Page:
We work through the entire winter to ensure that we are ready for our guests, and let us be honest…we don’t see that many people living in a town of 83 souls on the West slope of the Big Horns (with the nearest sizable town dozens of miles away.) The route that traverses The Big Horn Mountains at 9,000 feet is often closed for traffic due to snowfall, cutting us off from the Eastern side of the range.
Needless to say, in addition to being eager to do what is imbedded in our deepest soul (pampering and taking care of guests and ensuring that they have a great vacation experience,) we are thrilled to have the opportunity to strike up new conversations, exchange experiences and exercise our speech again now that guests have started to regularly arrive here at The Hideout. Read more ›
Here at The Hideout, we have a special sort of announcement this week; our good friend and guest, Mr. Dean Ross, has penned and published the fictional novel West of Sheridan. This honest chronicle of two men traveling through northern Wyoming after a solar event destroys the nation’s population and access to modern technology, basically landing them in the modern day/future version of the “Old Wild West.”
The back cover explains, “West of Sheridan is fast-paced, adventurous, and captivating, while embodying humor, romance and inspiration. Above all, it is a literary illustration of character and moral fiber; a compelling look inside the heads of two very distinctive, contradictory men and what drives them.”
What’s so special to us, other than Ross’ success as an author, is that this exciting story takes place in our neck of the woods with familiar landscapes, towns and general geography. Mr. Ross tells us that he gained much of his inspiration for the setting of West of Sheridan from his time spent here at The Hideout as a repeat guest.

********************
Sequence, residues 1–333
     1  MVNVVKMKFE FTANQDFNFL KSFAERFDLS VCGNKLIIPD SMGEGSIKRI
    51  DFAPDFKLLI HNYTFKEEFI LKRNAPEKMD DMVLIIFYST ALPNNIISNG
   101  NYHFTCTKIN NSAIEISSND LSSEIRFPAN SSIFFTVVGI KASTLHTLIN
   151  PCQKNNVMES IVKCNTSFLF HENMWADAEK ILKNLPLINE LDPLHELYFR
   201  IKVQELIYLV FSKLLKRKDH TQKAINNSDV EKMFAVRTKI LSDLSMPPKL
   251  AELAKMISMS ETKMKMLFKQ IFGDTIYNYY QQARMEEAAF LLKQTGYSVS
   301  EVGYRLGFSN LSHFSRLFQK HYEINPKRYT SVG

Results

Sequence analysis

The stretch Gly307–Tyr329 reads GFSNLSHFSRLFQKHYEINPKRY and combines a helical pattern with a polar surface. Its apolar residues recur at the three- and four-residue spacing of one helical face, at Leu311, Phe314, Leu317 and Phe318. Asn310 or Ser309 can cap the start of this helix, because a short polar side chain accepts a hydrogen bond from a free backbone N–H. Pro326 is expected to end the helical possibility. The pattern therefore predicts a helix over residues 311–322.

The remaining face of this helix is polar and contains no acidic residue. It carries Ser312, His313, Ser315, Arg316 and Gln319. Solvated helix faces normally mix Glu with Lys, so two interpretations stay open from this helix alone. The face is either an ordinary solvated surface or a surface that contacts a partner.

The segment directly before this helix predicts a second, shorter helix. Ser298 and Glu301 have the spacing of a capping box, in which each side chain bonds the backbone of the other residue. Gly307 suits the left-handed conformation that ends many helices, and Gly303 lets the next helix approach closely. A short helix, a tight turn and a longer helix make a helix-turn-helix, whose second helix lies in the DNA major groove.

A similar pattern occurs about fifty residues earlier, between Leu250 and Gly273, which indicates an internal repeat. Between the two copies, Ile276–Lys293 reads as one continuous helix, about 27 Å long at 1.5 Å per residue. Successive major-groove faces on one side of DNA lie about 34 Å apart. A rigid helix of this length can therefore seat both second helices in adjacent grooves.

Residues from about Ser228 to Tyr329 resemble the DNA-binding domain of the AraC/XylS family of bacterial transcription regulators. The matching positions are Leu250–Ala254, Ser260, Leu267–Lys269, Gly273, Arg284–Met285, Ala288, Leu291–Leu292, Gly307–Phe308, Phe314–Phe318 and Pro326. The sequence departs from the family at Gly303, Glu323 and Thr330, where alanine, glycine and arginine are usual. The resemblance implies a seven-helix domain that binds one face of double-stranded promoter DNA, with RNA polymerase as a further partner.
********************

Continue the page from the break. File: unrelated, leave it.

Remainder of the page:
Mr. Ross was kind enough to send us a few boxes with signed copies of the novel to stock in our gift shop – the handwritten inscription in each title page reads, “The Hideout is where this adventure started for me. Hope your adventure is the same.” Well, shucks, Mr. Ross – we’re so glad we could help your creative flow from our little corner of Shell, Wyo!
We were also extremely honored to find a very special “thank you” from Mr. Ross in the afterword of West of Sheridan:
Phew! It’s only April and we’ve hit the ground running.
On our third week of the 2012 guest season and already looking onward to the fourth, it’s becoming quite clear that there is no such thing as a “typical” week here at The Hideout. So far, our guests have taken lessons in the arena, seen fossilized dinosaur tracks, vaccinated and wrestled calves at a traditional ranch branding, ridden to the heights of Devil’s Leap, gathered a few hundred cows out on BLM land and next week’s guests are coming to The Hideout for our increasingly popular Authentic Horsemanship clinic week.
What a good lookin’ group!
They have also enjoyed fine dining at The Hideout Lodge, gone trap shooting, caught a fish or two on the waters of Shell, lived the lives of cowboys during the day and lives of well-attended guests in the evening as they enjoyed wine, good company, a game of pool or two and a soft pillow at the end of it all. Read more ›
Photo courtesy of Hideout guest and photographer Gene Devine
Bluebirds have been spotted, the deer are migrating towards the slope of the Big Horn Mountains and calving season is all but finished. Puppies, lambs, calves and foals can be seen running through the pastures as fast as their little legs will carry them. All of these things, plus dozens more, are signs that spring has officially arrived in Shell, Wyo. Soon the branding pens will be full, the smell of barbecue and burning branding irons will mingle in the air and our guest season will be in full swing.
Spring is a rewarding season for us here at The Hideout for so many reasons. We are able to open our ranch to guests again, see old friends (both guests and returning staff) and hit the trails with our equine friends who are more than happy to get out of the pasture and back to work. The season helps us remember why we spend those long winter months in solitude -so we can be surrounded by the beauty of the valley and warm friendship, enthusiasm and energy of people from all over the world once the thaw has finished.
Once the buds form on the trees and the grass turns from dusty yellow to vibrant green, we know it’s time for another great season here at The Hideout. We hope to see all of our old friends and guests out on the range and trail this season, and we’re also hoping to see some new faces out there!
Happy spring to you all and happy trails from all of us here at The Hideout!